All we need is an easy explanation of the problem, so here it is.
Column names are not permitted when declaring default column value. Is there a workaround to achieve something like this?
CREATE TABLE [dbo].[Tasks] ( [TaskId] INT IDENTITY(1,1) NOT NULL, [TaskName] NVARCHAR(255) NULL, [Priority] INT NOT NULL UNIQUE DEFAULT Max(Priority)+1, -- not allowed )
The requirement is that by default newest tasks gets the lowest priority (highest int value). After the task is in table it then can be prioritised/deprioritised for example priority value swapped with any other task in the table.
How to solve :
I know you bored from this bug, So we are here to help you! Take a deep breath and look at the explanation of your problem. We have many solutions to this problem, But we recommend you to use the first method because it is tested & true method that will 100% work for you.
I’d implement this using a sequence.
The sequence generates a unique number each time it is called, which satisfies the
UNIQUE constraint you have defined on the
[Priority] column. We’ll use that as the default for the column value.
USE tempdb; DROP TABLE IF EXISTS dbo.[Tasks]; DROP SEQUENCE IF EXISTS dbo.[tasks_priority_sequence] GO CREATE SEQUENCE dbo.[tasks_priority_sequence] AS int START WITH 1 INCREMENT BY 1 NO CYCLE CACHE; GO CREATE TABLE dbo.[Tasks] ( [TaskId] int NOT NULL IDENTITY(1,1) , [TaskName] nvarchar(255) NULL , [Priority] int NULL UNIQUE DEFAULT (NEXT VALUE FOR dbo.[tasks_priority_sequence]) ); GO INSERT INTO dbo.[Tasks] ([TaskName]) VALUES ('test1') , ('test2'); SELECT * FROM dbo.[Tasks];
While the use of a sequence can introduce gaps, the mere fact that you can supply any arbitrary value to the column indicates to me that you don’t require strict monotonically increasing values in the
[Priority] column. If gaps are an issue for you, you can redefine the sequence using the
NO CACHE pragma which will ensure no gaps are produced by the sequence.
The one caveat for this approach is the sequence will cause an error if you manually assign a value to the column that hasn’t yet been generated by the sequence. You could work around that using a trigger instead of a sequence, however the performance of using a trigger-based solution won’t be as linear as using a sequence. Here’s an example of the code that would cause an error:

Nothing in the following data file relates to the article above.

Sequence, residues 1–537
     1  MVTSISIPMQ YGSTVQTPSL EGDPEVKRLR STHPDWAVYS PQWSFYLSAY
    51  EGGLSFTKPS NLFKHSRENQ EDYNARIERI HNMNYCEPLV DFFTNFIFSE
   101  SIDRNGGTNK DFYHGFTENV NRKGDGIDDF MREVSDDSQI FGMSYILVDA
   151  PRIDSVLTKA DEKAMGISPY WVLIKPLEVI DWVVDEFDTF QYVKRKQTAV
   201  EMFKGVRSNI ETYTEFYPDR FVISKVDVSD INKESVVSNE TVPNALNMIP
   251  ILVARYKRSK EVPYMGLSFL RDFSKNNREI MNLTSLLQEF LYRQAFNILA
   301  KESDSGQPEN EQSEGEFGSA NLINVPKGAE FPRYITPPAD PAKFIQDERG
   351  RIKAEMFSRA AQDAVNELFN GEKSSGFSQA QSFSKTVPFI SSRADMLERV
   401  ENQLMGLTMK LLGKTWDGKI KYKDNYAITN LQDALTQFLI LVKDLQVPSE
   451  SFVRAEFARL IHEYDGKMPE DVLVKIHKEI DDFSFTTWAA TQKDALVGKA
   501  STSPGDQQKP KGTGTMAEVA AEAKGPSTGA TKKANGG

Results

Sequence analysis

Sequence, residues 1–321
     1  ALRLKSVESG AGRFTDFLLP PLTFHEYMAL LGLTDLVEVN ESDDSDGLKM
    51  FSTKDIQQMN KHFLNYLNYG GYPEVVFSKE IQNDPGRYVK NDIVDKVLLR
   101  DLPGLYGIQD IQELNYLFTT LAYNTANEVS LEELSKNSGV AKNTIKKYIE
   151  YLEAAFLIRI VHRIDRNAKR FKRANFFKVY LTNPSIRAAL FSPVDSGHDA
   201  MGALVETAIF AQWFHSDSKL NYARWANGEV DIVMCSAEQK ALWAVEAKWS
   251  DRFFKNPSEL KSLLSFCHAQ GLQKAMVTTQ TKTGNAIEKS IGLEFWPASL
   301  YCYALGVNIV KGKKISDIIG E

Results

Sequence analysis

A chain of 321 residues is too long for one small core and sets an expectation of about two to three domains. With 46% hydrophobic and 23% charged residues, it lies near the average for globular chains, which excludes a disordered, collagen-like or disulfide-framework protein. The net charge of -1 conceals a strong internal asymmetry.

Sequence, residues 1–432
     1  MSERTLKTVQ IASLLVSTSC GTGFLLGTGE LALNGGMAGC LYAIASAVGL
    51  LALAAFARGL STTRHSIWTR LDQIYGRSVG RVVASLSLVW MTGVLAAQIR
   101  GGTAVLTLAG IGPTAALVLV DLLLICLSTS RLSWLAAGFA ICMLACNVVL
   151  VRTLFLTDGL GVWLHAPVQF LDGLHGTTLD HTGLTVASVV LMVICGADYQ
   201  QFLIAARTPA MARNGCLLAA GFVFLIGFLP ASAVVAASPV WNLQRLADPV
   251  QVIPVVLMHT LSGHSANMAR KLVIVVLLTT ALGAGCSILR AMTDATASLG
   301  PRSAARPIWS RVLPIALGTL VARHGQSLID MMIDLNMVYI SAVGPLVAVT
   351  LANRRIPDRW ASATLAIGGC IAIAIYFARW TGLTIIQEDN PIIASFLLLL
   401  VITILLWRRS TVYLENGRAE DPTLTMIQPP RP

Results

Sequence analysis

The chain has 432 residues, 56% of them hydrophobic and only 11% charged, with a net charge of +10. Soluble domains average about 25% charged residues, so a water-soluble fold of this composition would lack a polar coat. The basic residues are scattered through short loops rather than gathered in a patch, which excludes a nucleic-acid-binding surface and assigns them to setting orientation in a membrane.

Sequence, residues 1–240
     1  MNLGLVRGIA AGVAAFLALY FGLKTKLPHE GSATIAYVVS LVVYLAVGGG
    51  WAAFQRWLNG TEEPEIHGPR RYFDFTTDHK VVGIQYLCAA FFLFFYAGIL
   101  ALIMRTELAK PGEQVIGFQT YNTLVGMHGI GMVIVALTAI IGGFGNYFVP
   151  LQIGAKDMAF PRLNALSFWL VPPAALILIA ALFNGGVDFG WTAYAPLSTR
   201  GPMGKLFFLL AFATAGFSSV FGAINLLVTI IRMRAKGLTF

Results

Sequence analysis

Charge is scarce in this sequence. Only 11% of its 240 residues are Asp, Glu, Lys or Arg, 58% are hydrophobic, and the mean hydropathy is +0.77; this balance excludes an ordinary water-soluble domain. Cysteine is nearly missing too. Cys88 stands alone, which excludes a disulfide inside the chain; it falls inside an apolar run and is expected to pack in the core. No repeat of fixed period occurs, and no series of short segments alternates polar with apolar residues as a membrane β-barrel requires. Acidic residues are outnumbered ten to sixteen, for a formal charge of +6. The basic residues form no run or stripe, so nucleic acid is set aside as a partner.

--this works just fine INSERT INTO dbo.[Tasks] (TaskName, [Priority]) VALUES ('test3', 3); --this fails since the next value for the sequence already exists in the UNIQUE index. INSERT INTO dbo.[Tasks] (TaskName) VALUES ('test4')
Msg 2627, Level 14, State 1, Line 36 Violation of UNIQUE KEY constraint 'UQ__Tasks__534DF97B192F9781'. Cannot insert duplicate key in object 'dbo.Tasks'. The duplicate key value is (3).
If you really want a default value of "one more than the highest one so far," you can do that with a scalar user-defined function as the constraint definition.
Your function would look like this:
CREATE OR ALTER FUNCTION dbo.GetNextPriority() RETURNS INT AS BEGIN; RETURN (SELECT MAX(t.[Priority] + 1) FROM dbo.Tasks t); END; GO
Note: this function will fail if the table is empty, because it will try to insert
NULL into the non-nullable column. You can either handle that initial case in the function, or you have to guarantee an initial value is supplied in the first insert to the table
Then you would then add the default constraint to the table:
ALTER TABLE dbo.Tasks ADD CONSTRAINT DF_Tasks_Priority DEFAULT dbo.GetNextPriority() FOR [Priority]; GO
Note that the the query from that function will run on every insert into this table. This is probably a really bad idea if there will be a lot of inserts into the table.
Regardless, you’ll want to create an index on the column, so that only one row needs to be read in order to get the default value:
CREATE NONCLUSTERED INDEX IX_Priority ON dbo.Tasks ([Priority] DESC); GO
Another important note to performance is that scalar UDFs in constraints will inhibit parallelism for that table.
If you’re concerned about the performance issues related to scalar UDFs (queries on every insert / lack of parallelism), take a look at Hannah’s answer, which uses Sequences instead.
Note: Use and implement method 1 because this method fully tested our system.
Thank you 🙂